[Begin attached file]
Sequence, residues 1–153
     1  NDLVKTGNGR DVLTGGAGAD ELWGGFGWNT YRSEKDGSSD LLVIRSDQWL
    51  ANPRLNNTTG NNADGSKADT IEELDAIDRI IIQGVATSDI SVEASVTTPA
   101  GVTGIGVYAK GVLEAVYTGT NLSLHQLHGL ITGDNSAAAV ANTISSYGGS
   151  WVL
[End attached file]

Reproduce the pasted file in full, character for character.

Sequence, residues 1–153
     1  NDLVKTGNGR DVLTGGAGAD ELWGGFGWNT YRSEKDGSSD LLVIRSDQWL
    51  ANPRLNNTTG NNADGSKADT IEELDAIDRI IIQGVATSDI SVEASVTTPA
   101  GVTGIGVYAK GVLEAVYTGT NLSLHQLHGL ITGDNSAAAV ANTISSYGGS
   151  WVL